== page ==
On Saturday 21 May 2016 at 08:30, Tom Coetzee from Thornybush Nature Reserve was radio’d from a ranger out on a game drive with news that a lone white rhino calf had been spotted. The calf was in distress and appeared to have blood on its face. On arrival, Tom and his team trailed the calf through the bush, but lost it after encountering a leopard close by. The smell of carrion in the air suggested that the leopard may have had a kill. They detoured, but continued the search. To their surprise, the leopard was staying close to the carcass of the calf’s mother.
After two hours of searching, one of the Anti-Poaching Unit team members noticed the calf, more or less in the same spot as it had been earlier that morning. Fortunately Dr Rogers had already joined them, so he quickly immobilised the little rhino. The calf was then brought to HESC where she was stabilised, and Tom and his team handed her over to our team.
A helicopter had, in the interim, arrived in the area and located the carcass of the mother with her horns still intact. She appeared to have been dead for about three days, and the blood on the little calf was from lying down next to her mother’s body. The baby rhino also had minor bite wounds on her back, possibly from a hyena attack.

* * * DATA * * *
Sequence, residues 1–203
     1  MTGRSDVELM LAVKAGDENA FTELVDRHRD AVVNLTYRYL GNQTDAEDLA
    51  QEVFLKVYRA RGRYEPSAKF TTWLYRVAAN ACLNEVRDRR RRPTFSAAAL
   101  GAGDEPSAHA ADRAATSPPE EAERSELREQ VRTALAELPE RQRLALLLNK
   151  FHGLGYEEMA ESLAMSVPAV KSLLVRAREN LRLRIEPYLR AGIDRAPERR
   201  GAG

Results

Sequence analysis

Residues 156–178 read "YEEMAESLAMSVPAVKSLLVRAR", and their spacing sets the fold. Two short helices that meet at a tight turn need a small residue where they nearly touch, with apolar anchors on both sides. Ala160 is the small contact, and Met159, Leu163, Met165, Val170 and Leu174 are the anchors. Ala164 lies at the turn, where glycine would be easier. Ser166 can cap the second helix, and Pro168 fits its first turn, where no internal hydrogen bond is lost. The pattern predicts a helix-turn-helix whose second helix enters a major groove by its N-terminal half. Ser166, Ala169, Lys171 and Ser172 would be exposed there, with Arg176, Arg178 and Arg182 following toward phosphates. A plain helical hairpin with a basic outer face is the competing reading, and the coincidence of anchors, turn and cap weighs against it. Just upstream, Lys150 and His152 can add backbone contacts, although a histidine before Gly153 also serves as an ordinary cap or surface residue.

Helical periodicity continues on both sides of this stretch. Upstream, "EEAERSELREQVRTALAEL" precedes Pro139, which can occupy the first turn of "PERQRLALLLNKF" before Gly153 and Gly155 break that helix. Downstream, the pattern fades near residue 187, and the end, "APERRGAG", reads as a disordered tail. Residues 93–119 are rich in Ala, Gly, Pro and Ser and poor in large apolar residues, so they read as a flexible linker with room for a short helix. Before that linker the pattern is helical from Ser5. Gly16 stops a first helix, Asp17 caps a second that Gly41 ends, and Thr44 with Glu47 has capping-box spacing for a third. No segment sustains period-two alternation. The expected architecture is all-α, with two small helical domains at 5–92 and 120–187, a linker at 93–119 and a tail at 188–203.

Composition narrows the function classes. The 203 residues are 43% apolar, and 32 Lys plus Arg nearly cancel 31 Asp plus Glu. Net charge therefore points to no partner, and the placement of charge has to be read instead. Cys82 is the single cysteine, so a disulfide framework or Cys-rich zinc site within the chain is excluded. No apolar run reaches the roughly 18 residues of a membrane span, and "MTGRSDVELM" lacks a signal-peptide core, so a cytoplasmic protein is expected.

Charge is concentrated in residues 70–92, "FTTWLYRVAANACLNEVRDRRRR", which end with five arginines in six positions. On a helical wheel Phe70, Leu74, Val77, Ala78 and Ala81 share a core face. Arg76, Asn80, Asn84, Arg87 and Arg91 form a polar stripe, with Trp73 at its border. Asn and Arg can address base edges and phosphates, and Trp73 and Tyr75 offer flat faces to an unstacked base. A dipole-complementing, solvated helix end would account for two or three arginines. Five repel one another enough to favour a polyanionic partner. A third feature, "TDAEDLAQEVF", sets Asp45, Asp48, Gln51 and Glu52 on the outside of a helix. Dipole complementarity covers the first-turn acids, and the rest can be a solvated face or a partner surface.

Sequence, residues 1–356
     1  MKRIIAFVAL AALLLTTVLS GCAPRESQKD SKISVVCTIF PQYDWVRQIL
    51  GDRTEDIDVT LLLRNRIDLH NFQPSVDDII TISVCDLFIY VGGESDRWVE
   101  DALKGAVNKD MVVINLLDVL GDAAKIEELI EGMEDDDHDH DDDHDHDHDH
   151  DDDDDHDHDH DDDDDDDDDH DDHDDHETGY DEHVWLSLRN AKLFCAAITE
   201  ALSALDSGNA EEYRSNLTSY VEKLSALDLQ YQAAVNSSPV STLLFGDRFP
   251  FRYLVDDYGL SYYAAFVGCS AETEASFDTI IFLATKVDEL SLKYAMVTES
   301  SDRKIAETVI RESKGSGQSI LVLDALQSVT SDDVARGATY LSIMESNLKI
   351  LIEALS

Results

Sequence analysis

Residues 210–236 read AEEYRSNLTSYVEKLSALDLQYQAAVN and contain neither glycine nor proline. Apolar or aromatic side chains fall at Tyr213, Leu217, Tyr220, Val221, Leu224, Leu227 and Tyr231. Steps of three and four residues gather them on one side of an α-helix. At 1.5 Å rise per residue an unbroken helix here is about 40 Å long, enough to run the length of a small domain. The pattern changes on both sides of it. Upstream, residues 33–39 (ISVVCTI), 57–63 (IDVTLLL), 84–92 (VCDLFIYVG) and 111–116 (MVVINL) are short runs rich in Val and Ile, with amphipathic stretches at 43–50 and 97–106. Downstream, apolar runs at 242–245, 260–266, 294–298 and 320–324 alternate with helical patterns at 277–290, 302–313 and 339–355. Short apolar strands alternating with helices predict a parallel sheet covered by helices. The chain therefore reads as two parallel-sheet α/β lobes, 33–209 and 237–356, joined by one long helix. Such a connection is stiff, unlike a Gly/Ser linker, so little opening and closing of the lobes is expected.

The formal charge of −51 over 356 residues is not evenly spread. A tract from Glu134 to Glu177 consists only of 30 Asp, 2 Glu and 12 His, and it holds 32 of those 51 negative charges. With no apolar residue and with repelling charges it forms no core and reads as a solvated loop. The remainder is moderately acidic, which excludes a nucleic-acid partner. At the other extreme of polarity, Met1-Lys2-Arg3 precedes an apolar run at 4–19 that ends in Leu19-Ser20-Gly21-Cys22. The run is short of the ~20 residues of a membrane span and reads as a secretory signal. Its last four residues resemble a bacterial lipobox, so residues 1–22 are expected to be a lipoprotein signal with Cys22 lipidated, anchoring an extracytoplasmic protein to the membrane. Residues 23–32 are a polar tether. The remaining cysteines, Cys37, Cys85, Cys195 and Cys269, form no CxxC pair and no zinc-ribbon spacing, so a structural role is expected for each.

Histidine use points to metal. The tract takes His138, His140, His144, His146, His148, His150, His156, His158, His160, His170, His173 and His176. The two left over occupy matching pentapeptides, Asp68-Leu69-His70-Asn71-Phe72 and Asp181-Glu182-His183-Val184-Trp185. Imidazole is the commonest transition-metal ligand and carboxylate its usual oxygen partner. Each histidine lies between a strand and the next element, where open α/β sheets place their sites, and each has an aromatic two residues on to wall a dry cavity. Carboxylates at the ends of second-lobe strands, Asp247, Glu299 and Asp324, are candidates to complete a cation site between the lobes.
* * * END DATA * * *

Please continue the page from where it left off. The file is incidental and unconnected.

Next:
During the necropsy on the dead rhino, an entry wound was found with a large calibre projectile located in her abdomen. It is hard to say how long she survived with the wound, but all indications are that she survived quite a number of days before she died.
Khulula (which means ‘to rescue’ or ‘set free’ in Zulu), estimated to be about four months old, took well to the bottle from the onset. Curators, Christo and Linri, took turns feeding her and she would go to sleep after each feed. She is drinking 1,9 litres, seven times a day, which totals 13.3 litres per day. She weighs 136 kilograms.
We tried introducing her to Olivia, but noticed that she was not yet ready. However, we’ve set up a small opening between the two to acclimatise our new arrival to Olivia’s scent. Khulula passed dung on Monday, which is a great sign and shows that she has no interior obstructions.
We are pleased with Khulula’s condition at the moment. She is improving in our care, and doesn’t appear to be in any pain from the scrapes on her back. We will keep you posted as to her progress.
If you can and would like to make a donation towards the rhinos in the Rescued Rhinos @ HESC sanctuary, visit our online portal. Alternatively go to PayPal, click on ‘send’, add the WCT email address firstname.lastname@example.org, choose the amount you’d like to contribute and click ‘continue’.